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Chinese Leader Urges U.S. to Seek `

   Chinese Leader Urges U.S. to Seek `Common Ground' Jiang Wants to Smooth 
Tensions At Upcoming Summit With Clinton  By Steven Mufson and Robert G. 
  Washington Post Foreign Service
  Sunday, October 19, 1997; Page A01
 The Washington Post

  SHANGHAI, Oct. 18 Preparing for an ambitious state visit to the United 
States that will begin next weekend, Chinese President Jiang Zemin said that 
he hopes to raise Chinese-American relations "to a new level."

 In a rare interview with an American newspaper, Jiang urged Americans to 
tolerate China's political system and seek "common ground despite 
differences." He also said China and the United States "share the 
responsibility for preserving world peace and stability."

 Chinese and American sources outlined a series of initiatives designed to 
achieve Jiang's aim of forging a strategic partnership with the Clinton 
administration during the visit. Sources said China will pledge to end sales 
of anti-ship cruise missiles to Iran, which the United States has seen as a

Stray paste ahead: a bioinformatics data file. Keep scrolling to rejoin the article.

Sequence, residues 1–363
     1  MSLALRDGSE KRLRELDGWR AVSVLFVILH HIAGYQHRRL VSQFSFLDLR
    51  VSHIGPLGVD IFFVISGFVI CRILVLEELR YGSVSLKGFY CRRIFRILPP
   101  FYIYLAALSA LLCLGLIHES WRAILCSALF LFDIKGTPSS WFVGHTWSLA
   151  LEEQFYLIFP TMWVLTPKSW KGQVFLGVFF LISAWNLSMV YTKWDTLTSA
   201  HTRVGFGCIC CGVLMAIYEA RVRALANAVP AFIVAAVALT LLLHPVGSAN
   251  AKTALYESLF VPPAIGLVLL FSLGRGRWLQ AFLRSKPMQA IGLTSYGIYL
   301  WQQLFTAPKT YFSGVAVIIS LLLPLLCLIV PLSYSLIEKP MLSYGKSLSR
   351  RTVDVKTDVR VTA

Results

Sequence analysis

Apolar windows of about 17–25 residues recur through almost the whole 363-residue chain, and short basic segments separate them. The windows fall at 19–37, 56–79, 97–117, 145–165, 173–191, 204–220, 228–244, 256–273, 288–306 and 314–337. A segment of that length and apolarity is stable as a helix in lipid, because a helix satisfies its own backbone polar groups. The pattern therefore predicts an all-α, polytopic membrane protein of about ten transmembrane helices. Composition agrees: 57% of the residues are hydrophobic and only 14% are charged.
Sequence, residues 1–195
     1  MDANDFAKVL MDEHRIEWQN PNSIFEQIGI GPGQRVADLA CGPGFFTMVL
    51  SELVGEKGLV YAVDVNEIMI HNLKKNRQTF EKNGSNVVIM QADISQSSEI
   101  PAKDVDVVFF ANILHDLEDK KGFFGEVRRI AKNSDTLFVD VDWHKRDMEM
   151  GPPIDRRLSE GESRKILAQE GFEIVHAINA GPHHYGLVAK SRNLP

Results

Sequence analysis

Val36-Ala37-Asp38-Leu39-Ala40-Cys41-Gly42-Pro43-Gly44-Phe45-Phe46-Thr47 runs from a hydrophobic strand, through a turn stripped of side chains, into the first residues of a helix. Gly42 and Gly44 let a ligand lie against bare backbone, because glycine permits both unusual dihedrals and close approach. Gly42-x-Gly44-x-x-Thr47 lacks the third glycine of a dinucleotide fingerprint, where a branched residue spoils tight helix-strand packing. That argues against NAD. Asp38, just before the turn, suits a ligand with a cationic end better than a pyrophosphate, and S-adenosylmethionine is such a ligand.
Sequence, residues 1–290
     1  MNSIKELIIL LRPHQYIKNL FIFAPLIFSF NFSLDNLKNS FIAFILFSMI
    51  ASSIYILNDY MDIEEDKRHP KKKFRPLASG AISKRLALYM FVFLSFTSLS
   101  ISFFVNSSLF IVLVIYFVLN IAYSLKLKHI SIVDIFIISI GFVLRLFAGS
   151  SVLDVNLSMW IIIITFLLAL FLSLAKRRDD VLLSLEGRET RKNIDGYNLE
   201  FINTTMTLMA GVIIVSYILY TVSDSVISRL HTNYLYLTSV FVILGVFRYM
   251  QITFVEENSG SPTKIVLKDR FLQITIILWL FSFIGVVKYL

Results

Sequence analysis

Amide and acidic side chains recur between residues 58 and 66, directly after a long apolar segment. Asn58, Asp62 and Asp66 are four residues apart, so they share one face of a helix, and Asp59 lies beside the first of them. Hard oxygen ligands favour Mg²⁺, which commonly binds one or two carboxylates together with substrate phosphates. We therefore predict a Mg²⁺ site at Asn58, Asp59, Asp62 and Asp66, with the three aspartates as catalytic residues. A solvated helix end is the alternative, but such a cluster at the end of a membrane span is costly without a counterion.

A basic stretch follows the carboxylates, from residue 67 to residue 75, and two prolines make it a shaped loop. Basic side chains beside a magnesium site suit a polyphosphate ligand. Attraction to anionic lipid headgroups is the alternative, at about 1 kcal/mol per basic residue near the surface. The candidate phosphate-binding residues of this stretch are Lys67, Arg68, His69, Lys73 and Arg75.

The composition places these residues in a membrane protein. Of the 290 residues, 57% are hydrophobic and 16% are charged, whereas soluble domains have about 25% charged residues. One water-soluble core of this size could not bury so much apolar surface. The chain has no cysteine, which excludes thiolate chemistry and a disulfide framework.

threat to shipping in the Persian Gulf. The sources also said this week that 
the two countries would sign an accord at the summit pledging coordination 
to avoid naval incidents at sea and that they probably would agree to 
implement a 1985 agreement on nuclear cooperation that would allow American 
companies to sell China nuclear power plants and equipment.

 More broadly, the Chinese are pressing a reluctant Clinton administration 
to make a joint declaration affirming the common strategic interests of the 
two nations and pledging to work together to guarantee "stability" in the 
21st century. The Chinese would like such a statement to reiterate U.S. 
support for "one China," reaffirming the principle that Taiwan should 
someday rejoin the mainland.

 In his interview here on Friday, Jiang at times read from a prepared script 
and at other times spoke extemporaneously, interspersing his comments with 
snippets of Russian and English, a line from Abraham Lincoln's Gettysburg 
Address and Chinese proverbs. He defended the 1989 crackdown on the 
Tiananmen Square student uprising, said Chinese leaders were on "high alert" 
over the U.S.-Japanese security alliance and said that under China's market 
reforms the Communist Party plays a role in helping foreign investors manage 
labor problems.

 But nine days before his visit to the United States -- one of his biggest 
tests as China's leader -- Jiang strayed little from the rhetorical 
formulations of the past, reasserting China's sovereignty over Tibet and 
Taiwan, and declaring that China must limit the scope of direct democratic 
participation in order to ensure stability and economic progress.

 "The theory of relativity worked out by Mr. [Albert] Einstein, which is in